Sustainability is becoming an increasingly popular focus for Kiwis who are looking to build their family homes. Discover how the Powle family had their home built future-proofed with sustainability and their young, growing family in mind.
- Michael John, AO Architecture
Sustainability is becoming an increasingly popular focus for Kiwis who are looking to build their family homes. NZ author Michele Powle and her family, wanted to create a home that was sustainable, energy-efficient and designed for passive solar gain that was well insulated and well ventilated - all of which needed to be within their budget. Another key factor when building their family home, as it would be for many young families, was that the home was child friendly and could grow with the Powles family. A passionate writer and established author, Michele began a blog that would document her family’s journey as they embarked on the journey of building their home, this was called The Building Blocks Project.
When building a new home there is a lot to think about, especially if you want to use Passive House design principles and achieve a New Zealand Homestar rating. The process starts with the basic structure of your home where you consider, location, sunshine, warmth and energy usage, it then continues into the minutiae of multiple decisions on each new home. This is the journey the Powle's experienced first-hand as they built their home in the Waitakere Ranges - a journey they hoped would result in a house that’s sensitive to the environment, yet smart design.
For many, roofing iron is the last thought that comes to mind when thinking of building an environmentally friendly home - this couldn’t be further from the truth. Not only can long-run roofing add architectural beauty to your home, where planned properly, but it can also meet many environmental requirements. For example, Dimond Roofing’s long-run roofing is solar panel friendly, meaning it’s easy to attach solar panels too for energy-efficient heating. Another sustainable highlight of Dimond’s long-run roofing is that it’s made from New Zealand steel, which means it’s safe to collect drinking water from and can be recycled!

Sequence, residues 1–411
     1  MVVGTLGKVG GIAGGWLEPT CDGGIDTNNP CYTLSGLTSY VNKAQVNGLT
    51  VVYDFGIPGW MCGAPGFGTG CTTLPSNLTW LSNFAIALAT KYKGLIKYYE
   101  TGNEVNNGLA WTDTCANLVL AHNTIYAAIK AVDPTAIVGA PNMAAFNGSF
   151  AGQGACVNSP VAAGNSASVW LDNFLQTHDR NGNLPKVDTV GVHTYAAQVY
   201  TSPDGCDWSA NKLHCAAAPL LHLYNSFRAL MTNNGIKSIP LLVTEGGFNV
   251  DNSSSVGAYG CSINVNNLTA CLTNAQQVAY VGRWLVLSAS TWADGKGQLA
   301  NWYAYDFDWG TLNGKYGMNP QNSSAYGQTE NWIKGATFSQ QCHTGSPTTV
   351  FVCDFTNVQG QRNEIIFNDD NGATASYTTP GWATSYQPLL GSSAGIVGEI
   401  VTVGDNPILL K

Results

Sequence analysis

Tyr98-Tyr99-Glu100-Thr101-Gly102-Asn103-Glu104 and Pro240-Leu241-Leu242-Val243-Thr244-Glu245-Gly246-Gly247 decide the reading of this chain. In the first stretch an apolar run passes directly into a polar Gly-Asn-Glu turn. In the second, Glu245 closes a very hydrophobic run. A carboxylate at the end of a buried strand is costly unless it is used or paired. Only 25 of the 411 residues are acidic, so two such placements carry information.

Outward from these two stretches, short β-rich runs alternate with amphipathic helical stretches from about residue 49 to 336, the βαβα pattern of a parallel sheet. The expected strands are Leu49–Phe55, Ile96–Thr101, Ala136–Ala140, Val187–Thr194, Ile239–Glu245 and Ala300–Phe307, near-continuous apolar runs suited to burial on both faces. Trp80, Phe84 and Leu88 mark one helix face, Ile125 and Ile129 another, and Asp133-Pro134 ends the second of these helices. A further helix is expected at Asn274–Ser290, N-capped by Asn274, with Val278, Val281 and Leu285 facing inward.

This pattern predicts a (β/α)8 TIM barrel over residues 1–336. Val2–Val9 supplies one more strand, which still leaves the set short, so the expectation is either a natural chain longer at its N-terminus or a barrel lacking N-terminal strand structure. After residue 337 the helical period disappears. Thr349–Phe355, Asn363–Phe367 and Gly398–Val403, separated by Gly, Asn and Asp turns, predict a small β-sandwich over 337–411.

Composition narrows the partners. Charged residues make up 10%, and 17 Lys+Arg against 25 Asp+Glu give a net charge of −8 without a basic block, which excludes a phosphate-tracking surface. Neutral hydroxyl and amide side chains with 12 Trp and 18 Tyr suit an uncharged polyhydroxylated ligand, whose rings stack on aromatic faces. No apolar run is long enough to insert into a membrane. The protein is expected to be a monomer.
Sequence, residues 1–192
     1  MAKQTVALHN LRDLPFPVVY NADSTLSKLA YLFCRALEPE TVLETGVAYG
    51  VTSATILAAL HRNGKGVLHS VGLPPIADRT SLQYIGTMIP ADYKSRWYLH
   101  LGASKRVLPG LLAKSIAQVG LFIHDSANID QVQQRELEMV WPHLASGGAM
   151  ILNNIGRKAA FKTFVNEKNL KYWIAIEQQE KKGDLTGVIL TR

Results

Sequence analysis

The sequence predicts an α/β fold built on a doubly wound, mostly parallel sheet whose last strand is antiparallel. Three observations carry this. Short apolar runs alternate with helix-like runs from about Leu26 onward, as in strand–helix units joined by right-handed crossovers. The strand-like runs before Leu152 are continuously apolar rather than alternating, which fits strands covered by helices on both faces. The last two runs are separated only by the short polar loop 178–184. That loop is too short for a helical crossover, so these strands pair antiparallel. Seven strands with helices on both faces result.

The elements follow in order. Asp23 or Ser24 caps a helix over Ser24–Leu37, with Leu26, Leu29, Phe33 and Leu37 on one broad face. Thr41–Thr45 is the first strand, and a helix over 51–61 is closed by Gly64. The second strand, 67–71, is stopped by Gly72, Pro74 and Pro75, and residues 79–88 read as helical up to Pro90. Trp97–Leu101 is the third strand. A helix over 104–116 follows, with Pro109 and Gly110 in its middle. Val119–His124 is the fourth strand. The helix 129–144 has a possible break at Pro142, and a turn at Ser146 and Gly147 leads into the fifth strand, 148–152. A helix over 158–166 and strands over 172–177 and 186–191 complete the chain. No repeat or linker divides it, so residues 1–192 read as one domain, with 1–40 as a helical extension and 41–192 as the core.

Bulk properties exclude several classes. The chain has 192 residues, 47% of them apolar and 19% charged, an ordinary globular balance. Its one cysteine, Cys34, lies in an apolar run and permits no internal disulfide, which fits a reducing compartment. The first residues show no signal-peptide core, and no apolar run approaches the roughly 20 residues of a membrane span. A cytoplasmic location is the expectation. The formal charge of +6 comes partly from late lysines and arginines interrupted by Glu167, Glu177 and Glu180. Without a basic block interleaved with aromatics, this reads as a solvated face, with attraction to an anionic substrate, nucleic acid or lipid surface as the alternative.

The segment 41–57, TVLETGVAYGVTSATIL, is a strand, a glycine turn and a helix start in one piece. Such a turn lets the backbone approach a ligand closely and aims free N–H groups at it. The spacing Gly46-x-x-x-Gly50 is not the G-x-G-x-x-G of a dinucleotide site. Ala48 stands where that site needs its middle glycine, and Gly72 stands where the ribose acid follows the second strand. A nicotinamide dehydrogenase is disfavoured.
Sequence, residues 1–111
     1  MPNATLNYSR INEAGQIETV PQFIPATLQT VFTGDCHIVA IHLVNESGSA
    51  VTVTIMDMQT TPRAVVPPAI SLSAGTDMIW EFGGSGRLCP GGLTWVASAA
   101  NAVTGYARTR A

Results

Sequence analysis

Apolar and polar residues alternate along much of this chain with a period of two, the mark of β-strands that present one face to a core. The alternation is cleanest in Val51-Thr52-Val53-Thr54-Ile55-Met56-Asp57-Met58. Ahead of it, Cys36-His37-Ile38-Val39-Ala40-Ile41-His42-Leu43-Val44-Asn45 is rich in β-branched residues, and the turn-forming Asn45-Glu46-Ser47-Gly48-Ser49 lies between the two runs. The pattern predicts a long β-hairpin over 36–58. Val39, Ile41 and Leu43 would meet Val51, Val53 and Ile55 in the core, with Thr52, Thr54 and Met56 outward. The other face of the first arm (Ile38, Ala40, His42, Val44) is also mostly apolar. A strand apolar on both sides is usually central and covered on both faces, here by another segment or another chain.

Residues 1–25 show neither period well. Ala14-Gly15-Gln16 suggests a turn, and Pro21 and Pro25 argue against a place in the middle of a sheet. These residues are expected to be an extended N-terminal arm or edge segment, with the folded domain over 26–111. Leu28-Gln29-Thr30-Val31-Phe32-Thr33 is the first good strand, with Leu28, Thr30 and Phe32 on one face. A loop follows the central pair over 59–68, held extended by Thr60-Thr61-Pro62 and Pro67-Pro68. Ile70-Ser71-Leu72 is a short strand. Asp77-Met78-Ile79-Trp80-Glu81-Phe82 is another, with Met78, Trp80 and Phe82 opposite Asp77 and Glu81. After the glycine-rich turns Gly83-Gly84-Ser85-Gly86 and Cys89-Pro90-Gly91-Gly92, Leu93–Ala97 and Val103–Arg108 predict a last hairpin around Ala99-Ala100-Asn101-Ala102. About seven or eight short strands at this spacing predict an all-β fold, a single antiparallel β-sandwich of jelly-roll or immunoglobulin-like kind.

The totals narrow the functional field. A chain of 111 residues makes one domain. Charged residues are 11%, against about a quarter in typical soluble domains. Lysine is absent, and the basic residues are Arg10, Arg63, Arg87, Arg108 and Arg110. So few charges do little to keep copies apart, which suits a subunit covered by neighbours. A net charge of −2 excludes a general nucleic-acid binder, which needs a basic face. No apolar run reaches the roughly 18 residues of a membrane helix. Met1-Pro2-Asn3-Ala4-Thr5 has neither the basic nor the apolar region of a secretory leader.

Using the right base material that can weather the elements is what leads to a long life, which in the long run (see what we did there) helps with sustainability. That’s why Dimond Roofing recommended ColorCote MagnaFlow for the Powle's home. Another key point behind choosing ColorCote MagnaFlow was that the Powle's home was being built within proximity to Waitakere’s western coastline, making the home prone to salt spray from the ocean. When building near the ocean it’s important to choose roofing and cladding that has a base material that won’t rust, ColorCote MagnaFlow contains an additional layer of magnesium in the alloy coating to give it advanced weather protection and a long, sustainable life with proper maintenance.
A section of the Powle's roofing design featured a low pitch (5 degrees), with this in mind the team at Dimond Roofing recommended using the profile Veedek on this part of the house. Along with clean, straight lines and a unique angled swage that provides a strong visual appeal, Veedek can handle sudden downpours (weather that the Waitakere region is known for) at a low pitch. Combine the benefits of Veedek with an economic cover width, and you have a cost-effective yet striking roof. For the remainder of the house, the Powle's chose to cover their roof and wall cladding in Black Dimond Roofing Corrugate, providing their home with a striking modern look.
Sitting seamlessly amongst the Waitakere’s surrounding native bush, The Building Blocks Project is now a place to call home for Powle's, who wake up every morning to views of the coastline knowing they’ve done their part too.
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